Talk about a big undertaking! For this year’s Sydney Fringe Festival, Montague Basement has tackled ‘15 books of the finest Latin poetry known to man’, by creating their own adaptation of Ovid’s Metamorphoses. What it lacks in finesse, this production certainly makes up for in entertainment value.
Tracing the history of the world, from the time of Creation, past Medea, Hercules and Orpheus, through to Romulus and Remus and Julius Caesar, Metamorphoses is a bit like the complete works of Shakespeare; you’ll probably know some of the stories, perhaps intimately, but others will be a complete mystery.
Montague Basement’s take on Metamorphoses is to present collection of scenes from the poem, in roughly chronological order, and adapt them to draw out new themes and ideas. Sadly, this reviewer lacks an encyclopaedic knowledge of the 250 myths contained within Ovid’s Metamorphoses, and found that some of these adaptations went over my head. I suspect I’m not alone in this deficiency, and think perhaps a ‘cheat sheet’ with a short synopsis of the myths referenced in this work may have come in handy.
That said, what has been created is a fun, Monty Python-esque hodgepodge of live scenes and AV, sketch-style comedy and deeply moving tragedy. There is song, physical theatre and video montages (albeit relied upon a little too heavily at the end), all designed to break up the live action. Helping the audience to navigate through Ovid’s world are projections of Ancient Roman illustrations which act as title-cards for each scene/myth.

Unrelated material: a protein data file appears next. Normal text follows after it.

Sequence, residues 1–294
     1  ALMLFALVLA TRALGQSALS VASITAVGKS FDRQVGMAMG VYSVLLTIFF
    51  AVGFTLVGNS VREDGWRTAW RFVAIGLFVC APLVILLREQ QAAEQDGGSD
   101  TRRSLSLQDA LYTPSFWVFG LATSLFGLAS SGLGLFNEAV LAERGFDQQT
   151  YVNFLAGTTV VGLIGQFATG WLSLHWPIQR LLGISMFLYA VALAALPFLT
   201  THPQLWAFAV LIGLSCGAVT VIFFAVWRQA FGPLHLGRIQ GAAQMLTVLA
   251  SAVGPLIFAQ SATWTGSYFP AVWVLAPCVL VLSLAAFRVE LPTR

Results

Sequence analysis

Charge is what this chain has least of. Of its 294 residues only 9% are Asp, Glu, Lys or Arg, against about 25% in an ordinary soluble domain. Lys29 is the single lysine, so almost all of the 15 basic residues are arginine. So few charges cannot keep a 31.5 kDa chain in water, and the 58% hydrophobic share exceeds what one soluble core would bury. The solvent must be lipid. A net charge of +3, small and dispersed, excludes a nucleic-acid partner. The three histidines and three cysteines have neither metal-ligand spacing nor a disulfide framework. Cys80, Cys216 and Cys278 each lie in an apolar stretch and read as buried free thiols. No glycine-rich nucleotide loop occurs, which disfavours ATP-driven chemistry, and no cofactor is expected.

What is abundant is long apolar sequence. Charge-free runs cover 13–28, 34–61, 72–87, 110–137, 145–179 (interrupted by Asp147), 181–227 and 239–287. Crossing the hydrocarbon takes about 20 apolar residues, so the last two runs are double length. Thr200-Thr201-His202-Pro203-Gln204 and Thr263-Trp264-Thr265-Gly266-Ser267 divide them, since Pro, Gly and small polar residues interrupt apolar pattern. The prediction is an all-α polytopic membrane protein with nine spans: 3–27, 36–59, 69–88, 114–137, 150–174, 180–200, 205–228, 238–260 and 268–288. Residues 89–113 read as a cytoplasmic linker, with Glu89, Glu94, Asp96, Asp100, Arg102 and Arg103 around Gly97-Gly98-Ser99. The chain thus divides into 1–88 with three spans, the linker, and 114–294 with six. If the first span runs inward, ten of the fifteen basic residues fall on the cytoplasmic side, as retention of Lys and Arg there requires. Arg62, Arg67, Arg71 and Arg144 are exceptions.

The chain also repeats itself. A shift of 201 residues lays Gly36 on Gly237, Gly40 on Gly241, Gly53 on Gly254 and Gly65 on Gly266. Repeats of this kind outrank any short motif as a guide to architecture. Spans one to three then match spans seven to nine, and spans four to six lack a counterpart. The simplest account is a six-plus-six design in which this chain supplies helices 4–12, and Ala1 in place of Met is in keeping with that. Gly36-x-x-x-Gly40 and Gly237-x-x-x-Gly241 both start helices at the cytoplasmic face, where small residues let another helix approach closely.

The intimate, rectangular space that has been created inside the Erskineville Town Hall, using black curtains to enclose the audience and performance area, is perhaps not the ideal setting for this production. The black back-drop does not make a great screen for the projections, and they waiver every time an actor walks in/out of the curtains. The staging choices are not brilliant either. It is clear that Creator/Producer, Imogen Gardam, wanted a blank canvas for the actors, but the choice of Styrofoam boxes in place of traditional drama boxes is annoying and grating to the ear. (You know that particular squeak you get when you rub two pieces of Styrofoam together? Yes, well there’s a bit too much of that for the audience to ever get truly comfortable!) Similarly, the patterned black and white padded floor tiles do more to distract than enhance the action, due to their tendency to slip out of formation.
Co-creating the show with Gardam are performers Saro Lusty-Cavallari and Lulu Howes. Lusty-Cavallari has real comedic flare, but falls just short of delivering a truly compelling performance. Howes has perhaps the harder job of the two actors, as she wrestles with more of the classical language recitations and serious monologues. She is a multi-faceted performer and manages the multiple genres with relative ease.
Overall, the show feels slightly under-rehearsed, and has a certain ‘university production’ feel about it. But it is also contains all those things you’d expect from a Sydney Fringe show: sketch comedy, political commentary, a good smattering of pop culture references and fancy, historic reference material. Just be sure to brush up on your Ovid before heading along.
Metamorphoses is playing at the Erskineville Town Hall as part of the Sydney Fringe Festival until 17th September.
For tickets, click here.
Photo credit: Zaina Ahmed